Bangkok is a city much like many other big, bustling cities. It has the subway and public transportation. It has the taxicabs not really caring about the other cars on the street. It has a wide range of food and things to do. But for me, Bangkok was my first real Asian City. I could have just sat down at any street corner (especially considering every street corner had some delicious food stand set up) and simply watched life go by. I was perplexed at the Thais coming and going to their favorite food vendor every day (and often for many meals instead of cooking at home). I found it intriguing to see the many Buddhist monks getting in Tuk Tuks, apparently not fearful of their lives, like I was when riding in one. I got a riot out of seeing a fully functional 70s VW van convert to a bar ready to make cocktails at night wherever there was a parking spot that had a lot of foot traffic.
Another part of traveling to new places is getting a quick view into other parts of their culture. No matter where you went, you were bound to see a beautifully ornate Wat. I wasn’t sure what to do exactly, so I just followed the lead of others by respectfully taking off my shoes, remain quiet and respectful and never letting your feet face the Lord Buddha. Meditating quietly below a 20 foot golden Buddha statue, letting my eyes drift from one admirer to a quiet monk allowed me to glimpse into the Buddhist religion. If you did not like the way that that Wat looked, it’s ok. Just walk to the next block, and there is sure to be another beautiful shrine ready for your appreciation.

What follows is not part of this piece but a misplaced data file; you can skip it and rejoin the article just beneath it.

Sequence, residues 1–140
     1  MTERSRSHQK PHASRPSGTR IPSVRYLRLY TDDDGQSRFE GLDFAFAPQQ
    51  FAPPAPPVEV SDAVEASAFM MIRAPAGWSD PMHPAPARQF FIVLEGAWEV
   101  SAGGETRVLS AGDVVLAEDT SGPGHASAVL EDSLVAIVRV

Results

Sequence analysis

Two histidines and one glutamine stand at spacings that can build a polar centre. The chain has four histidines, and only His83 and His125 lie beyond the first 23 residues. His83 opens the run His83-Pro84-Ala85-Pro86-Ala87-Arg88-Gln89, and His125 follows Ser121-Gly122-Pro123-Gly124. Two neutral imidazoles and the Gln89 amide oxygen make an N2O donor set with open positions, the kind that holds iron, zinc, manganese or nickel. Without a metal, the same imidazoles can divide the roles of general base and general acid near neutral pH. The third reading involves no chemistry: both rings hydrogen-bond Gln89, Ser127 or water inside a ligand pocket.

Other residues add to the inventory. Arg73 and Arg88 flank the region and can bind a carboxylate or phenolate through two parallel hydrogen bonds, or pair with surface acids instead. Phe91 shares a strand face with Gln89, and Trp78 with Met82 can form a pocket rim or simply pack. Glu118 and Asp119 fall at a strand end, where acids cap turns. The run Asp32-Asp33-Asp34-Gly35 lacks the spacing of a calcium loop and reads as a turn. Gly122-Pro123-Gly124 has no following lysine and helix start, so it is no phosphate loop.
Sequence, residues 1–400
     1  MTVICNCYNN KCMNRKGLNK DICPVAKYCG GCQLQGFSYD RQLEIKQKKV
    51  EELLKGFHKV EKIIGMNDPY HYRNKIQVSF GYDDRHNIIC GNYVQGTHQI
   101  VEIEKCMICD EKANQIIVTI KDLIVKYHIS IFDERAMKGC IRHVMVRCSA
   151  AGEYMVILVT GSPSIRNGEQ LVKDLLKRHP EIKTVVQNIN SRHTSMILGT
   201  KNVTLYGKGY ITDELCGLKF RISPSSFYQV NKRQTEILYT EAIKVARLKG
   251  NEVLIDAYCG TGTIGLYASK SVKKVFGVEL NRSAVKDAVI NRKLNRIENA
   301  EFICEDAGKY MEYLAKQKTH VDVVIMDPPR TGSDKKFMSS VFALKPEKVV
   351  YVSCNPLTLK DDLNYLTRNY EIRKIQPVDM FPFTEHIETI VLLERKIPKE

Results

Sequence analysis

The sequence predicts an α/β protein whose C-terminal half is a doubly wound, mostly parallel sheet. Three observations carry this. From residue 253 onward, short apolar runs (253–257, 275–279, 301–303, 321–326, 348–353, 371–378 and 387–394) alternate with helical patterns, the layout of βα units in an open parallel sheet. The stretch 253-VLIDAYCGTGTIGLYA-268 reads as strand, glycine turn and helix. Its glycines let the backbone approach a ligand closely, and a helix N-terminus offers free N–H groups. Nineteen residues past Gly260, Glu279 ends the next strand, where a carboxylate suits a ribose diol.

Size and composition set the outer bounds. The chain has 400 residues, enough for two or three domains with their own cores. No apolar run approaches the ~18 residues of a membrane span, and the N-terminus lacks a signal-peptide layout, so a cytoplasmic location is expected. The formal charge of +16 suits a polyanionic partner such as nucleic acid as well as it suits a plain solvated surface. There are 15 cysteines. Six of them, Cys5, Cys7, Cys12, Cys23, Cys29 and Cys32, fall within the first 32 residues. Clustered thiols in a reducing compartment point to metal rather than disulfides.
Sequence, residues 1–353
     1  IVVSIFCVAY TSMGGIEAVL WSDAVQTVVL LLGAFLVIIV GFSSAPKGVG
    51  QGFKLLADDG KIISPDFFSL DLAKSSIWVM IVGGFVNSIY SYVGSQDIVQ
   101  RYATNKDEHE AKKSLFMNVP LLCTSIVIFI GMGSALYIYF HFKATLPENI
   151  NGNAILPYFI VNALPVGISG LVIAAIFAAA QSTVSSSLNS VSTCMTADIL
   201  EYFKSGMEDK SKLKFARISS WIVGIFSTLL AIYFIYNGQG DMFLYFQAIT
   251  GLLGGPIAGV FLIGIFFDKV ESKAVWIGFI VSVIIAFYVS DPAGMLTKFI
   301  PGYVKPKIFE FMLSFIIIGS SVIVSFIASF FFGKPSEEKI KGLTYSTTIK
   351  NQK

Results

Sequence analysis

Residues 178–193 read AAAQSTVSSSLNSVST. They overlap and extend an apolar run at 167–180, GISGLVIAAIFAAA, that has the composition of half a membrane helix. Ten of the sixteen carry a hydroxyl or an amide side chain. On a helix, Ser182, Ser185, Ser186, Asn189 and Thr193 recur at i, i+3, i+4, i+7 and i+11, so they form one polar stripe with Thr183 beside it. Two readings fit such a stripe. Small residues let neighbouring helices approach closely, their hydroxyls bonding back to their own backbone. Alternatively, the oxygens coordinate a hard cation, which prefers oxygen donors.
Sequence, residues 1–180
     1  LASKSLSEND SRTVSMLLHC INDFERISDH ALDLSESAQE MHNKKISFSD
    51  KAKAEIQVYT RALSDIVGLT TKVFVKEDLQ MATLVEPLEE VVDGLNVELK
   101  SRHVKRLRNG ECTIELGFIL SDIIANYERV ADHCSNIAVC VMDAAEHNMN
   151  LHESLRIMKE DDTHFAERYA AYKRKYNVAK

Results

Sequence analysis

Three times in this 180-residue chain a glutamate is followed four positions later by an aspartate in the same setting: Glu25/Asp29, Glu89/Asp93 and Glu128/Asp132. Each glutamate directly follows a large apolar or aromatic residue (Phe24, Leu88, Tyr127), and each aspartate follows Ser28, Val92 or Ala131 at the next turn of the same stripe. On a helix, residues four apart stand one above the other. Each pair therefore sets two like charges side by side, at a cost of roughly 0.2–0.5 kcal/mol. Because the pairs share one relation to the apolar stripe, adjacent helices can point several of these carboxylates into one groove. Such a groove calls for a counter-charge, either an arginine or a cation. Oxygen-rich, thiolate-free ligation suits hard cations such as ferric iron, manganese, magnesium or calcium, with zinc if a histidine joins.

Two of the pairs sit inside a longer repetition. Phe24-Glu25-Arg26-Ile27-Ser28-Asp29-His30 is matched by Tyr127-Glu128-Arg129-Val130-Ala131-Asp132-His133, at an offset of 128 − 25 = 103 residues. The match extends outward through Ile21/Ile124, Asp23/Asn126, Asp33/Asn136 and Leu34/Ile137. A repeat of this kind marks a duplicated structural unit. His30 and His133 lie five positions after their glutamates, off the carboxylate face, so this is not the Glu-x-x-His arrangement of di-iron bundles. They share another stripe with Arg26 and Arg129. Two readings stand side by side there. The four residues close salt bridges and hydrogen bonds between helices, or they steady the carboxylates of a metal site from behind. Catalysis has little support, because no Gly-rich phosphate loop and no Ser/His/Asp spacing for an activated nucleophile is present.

When you are tired of Wats, just grab another Thai iced tea (can you tell that I REALLY love these drinks!?) and catch a long-tail boat down the river to another Bangkok site. Whether it was the Jim Thompson house, known for its tradition Thai Tiki Wood traditional styled home (BEAUTIFUL by the way!) or the Grand Palace or if you are an avid shopper, stopping at the Siam Square, Bangkok had plenty of new things to offer to even an experienced traveler.
However, after a day of grasping on for dear life in a Tuk Tuk or simply just walking from Wat to Wat, you can’t go to Bangkok without getting a Thai massage!!!! These massages are not the deep tissue, relaxing kind of massages that I thoroughly enjoy. Instead, they are more of a sports massage with a lot of stretching combined with chiropractic work. Luckily, I am pretty flexible because they twisted me around in crazy positions! I’m not sure if I felt relaxed afterward, but it sure was a different experience! On another day, I also indulged in a foot massage, where they focused a lot of reflexology. Don’t worry, not all Thai massages have “Happy Endings” if you find a good location and even better, they won’t break the bank. Both kinds of massages were an hour long for only about $10! That is my kind of massage! A $10 massage meant just enough to still get a Thai iced tea on our way out!
And I leave you with this…just so it can be stuck in your head the rest of the day. You’re welcome 🙂
Latest posts by LeAnna Brown (see all)
- 18 Tips On How To Budget Travel Ireland Like A Pro - March 11, 2020
- Bangkok Itinerary 5 Days: Making The Most Of Your Time in BKK - January 29, 2020
- Krabi With Kids: Why Krabi Is the PERFECT Thailand Family Holiday Destination - January 22, 2020